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Categoryplagioclase, feldspar, tectosilicate
(repeating unit)
(Ca,Na)(Al,Si)4O8, where Ca/(Ca + Na) is between 30-50%
Crystal systemTriclinic
Crystal classPinacoidal (1)
(same H-M symbol)
Space groupP1
Unit cella = 8.155 Å, b = 12.9 Å,
c = 9.16 Å; ? = 93.917°,
? = 116.3333°, ? = 89.166°; Z = 8
ColorWhite, gray, green, yellow, flesh-red
Crystal habitCrystals rare, to 2 cm; commonly massive or granular
TwinningCommon following albite, pericline, and carlsbad twin laws
CleavagePerfect on {001}, good on {010}
FractureUneven to conchoidal
Mohs scale hardness6 - 6.5
LusterSubvitreous to pearly
DiaphaneityTransparent to translucent
Specific gravity2.66 - 2.68
Optical propertiesBiaxial (+/-)
Refractive indexn? = 1.543 - 1.554 n? = 1.547 - 1.559 n? = 1.552 - 1.562
Birefringence? = 0.009
2V angleMeasured: 76° to 83°
Diagnostic featuresRequires optical/chemical analysis

Andesine is a silicate mineral, a member of the plagioclase feldspar solid solution series. Its chemical formula is (Ca, Na)(Al, Si)4O8, where Ca/(Ca + Na) (% anorthite) is between 30-50%. The formula may be written as Na0.7-0.5Ca0.3-0.5Al1.3-1.5Si2.7-2.5O8.[2]

The plagioclase feldspars are a continuous solid solution series and as such the accurate identification of individual members requires detailed optical study, chemical analysis or density measurements. Refractive indices and specific gravity increase directly with calcium content.[5]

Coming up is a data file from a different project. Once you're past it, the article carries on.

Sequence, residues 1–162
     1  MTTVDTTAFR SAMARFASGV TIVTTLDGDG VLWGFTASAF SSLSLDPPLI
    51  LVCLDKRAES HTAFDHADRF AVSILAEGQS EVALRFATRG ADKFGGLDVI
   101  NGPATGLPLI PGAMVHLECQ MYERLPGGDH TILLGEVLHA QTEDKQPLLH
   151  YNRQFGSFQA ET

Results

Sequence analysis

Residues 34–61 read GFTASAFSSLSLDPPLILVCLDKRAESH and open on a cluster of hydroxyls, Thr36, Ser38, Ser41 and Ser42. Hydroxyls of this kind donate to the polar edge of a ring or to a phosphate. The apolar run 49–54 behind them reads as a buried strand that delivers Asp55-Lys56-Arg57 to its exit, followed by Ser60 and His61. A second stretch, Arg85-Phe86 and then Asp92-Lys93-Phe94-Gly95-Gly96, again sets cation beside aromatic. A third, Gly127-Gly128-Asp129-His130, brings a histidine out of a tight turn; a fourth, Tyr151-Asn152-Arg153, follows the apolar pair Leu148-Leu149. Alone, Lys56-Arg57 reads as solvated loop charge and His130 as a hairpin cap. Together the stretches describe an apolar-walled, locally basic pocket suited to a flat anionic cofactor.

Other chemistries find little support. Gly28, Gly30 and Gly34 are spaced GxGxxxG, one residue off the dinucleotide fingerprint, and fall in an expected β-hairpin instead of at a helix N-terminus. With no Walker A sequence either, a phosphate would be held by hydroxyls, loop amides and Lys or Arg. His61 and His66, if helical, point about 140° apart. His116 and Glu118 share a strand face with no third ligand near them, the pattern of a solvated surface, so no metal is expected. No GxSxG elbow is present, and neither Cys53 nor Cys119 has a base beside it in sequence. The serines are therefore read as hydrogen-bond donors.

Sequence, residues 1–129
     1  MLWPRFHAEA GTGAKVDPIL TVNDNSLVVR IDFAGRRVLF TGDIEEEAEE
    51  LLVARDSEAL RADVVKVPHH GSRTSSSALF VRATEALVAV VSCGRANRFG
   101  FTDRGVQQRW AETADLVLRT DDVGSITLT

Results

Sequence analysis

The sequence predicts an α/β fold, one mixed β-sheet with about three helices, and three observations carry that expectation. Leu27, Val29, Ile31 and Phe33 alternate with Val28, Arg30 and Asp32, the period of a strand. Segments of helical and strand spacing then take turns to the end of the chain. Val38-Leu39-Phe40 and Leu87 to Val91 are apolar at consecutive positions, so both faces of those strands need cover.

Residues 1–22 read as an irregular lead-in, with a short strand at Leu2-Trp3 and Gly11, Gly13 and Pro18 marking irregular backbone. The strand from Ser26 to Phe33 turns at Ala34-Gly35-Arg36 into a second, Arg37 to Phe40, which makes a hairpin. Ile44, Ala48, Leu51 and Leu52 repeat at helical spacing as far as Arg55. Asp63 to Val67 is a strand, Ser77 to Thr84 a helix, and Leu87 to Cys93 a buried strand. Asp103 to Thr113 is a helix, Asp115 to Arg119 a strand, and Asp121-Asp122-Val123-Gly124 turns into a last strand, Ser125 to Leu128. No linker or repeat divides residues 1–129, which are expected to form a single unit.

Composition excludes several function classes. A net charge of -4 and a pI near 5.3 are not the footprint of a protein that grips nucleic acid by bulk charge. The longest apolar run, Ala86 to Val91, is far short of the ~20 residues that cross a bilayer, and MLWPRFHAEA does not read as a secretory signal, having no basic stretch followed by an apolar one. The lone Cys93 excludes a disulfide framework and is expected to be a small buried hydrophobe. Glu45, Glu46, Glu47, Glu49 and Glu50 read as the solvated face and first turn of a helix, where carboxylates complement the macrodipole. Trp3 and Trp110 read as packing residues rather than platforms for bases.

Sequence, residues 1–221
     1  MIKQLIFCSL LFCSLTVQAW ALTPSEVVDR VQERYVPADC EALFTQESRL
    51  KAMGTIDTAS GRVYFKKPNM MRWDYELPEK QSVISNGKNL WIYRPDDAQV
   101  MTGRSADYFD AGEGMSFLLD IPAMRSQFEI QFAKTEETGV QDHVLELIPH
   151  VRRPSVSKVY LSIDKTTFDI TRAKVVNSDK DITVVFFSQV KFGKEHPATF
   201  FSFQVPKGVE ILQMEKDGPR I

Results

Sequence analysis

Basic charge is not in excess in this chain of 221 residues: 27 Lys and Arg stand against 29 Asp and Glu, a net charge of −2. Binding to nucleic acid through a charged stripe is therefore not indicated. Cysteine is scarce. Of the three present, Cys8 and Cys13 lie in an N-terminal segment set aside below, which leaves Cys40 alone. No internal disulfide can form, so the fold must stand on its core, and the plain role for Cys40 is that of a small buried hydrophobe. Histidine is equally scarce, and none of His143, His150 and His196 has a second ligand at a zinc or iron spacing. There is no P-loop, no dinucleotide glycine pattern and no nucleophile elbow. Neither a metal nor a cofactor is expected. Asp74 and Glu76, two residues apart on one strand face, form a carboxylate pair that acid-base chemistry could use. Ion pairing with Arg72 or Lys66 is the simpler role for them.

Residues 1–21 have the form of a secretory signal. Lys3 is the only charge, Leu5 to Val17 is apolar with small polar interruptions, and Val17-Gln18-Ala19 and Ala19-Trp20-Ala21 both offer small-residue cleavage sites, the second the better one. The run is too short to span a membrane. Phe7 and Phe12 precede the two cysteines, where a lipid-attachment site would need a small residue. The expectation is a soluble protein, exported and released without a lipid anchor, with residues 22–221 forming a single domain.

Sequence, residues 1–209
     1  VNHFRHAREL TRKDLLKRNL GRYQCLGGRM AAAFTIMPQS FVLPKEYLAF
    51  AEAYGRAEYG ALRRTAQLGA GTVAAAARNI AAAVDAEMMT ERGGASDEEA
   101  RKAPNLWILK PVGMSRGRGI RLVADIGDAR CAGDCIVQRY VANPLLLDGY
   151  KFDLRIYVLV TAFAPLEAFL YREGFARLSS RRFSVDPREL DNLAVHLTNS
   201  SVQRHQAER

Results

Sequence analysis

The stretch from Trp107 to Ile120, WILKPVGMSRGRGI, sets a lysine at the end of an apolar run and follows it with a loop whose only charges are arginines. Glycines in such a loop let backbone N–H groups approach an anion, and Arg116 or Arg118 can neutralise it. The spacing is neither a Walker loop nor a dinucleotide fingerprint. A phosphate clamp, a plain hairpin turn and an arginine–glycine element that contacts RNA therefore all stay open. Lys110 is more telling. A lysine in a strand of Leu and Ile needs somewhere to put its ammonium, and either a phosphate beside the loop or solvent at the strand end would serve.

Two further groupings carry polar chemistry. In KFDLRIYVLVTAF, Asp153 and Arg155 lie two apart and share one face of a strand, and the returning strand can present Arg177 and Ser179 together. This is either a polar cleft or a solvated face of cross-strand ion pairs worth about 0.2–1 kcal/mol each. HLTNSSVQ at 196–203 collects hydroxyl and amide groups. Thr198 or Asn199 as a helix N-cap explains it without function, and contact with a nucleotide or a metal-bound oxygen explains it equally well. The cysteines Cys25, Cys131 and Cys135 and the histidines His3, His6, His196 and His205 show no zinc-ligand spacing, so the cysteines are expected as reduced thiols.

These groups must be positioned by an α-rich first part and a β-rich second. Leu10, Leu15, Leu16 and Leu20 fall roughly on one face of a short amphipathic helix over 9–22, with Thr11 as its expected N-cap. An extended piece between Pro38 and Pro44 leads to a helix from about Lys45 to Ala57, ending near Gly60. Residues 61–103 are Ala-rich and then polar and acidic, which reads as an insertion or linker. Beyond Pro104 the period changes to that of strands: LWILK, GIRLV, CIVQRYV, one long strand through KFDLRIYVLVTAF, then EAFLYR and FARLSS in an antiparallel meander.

It is sometimes used as a gemstone.[6]

Name and discovery

Andesine was first described in 1841 for an occurrence in the Marmato mine, Marmato, Cauca, Chocó Department, Colombia.[3][4] The name is for the Andes due to its abundance in the andesite lavas in those mountains.[2][5]

In the early 2000s, red and green gemstones began to be marketed under the name of 'andesine'. After some controversy, these gemstones were subsequently discovered to have been artificially-colored.[7]


Andesine occurs in intermediate igneous rocks such as diorite, syenite, and andesite. It characteristically occurs in metamorphic rocks of granulite to amphibolite facies commonly exhibiting antiperthite texture. It also occurs as detrital grains in sedimentary rocks. It is commonly associated with quartz, potassium feldspar, biotite, hornblende, and magnetite.[2]


  1. ^ Mineralienatlas
  2. ^ a b c d Handbook of Mineralogy
  3. ^ a b Webmineral data
  4. ^ a b
  5. ^ a b Klein, Cornelis, and Cornelius S. Hurlbut, Jr., Manual of Mineralogy, Wiley, 20th ed. 1985, p. 455 ISBN 0-471-80580-7
  6. ^ Tables of Gemstone Identification By Roger Dedeyne, Ivo Quintens p.118
  7. ^

External links

  This article uses material from the Wikipedia page available here. It is released under the Creative Commons Attribution-Share-Alike License 3.0.



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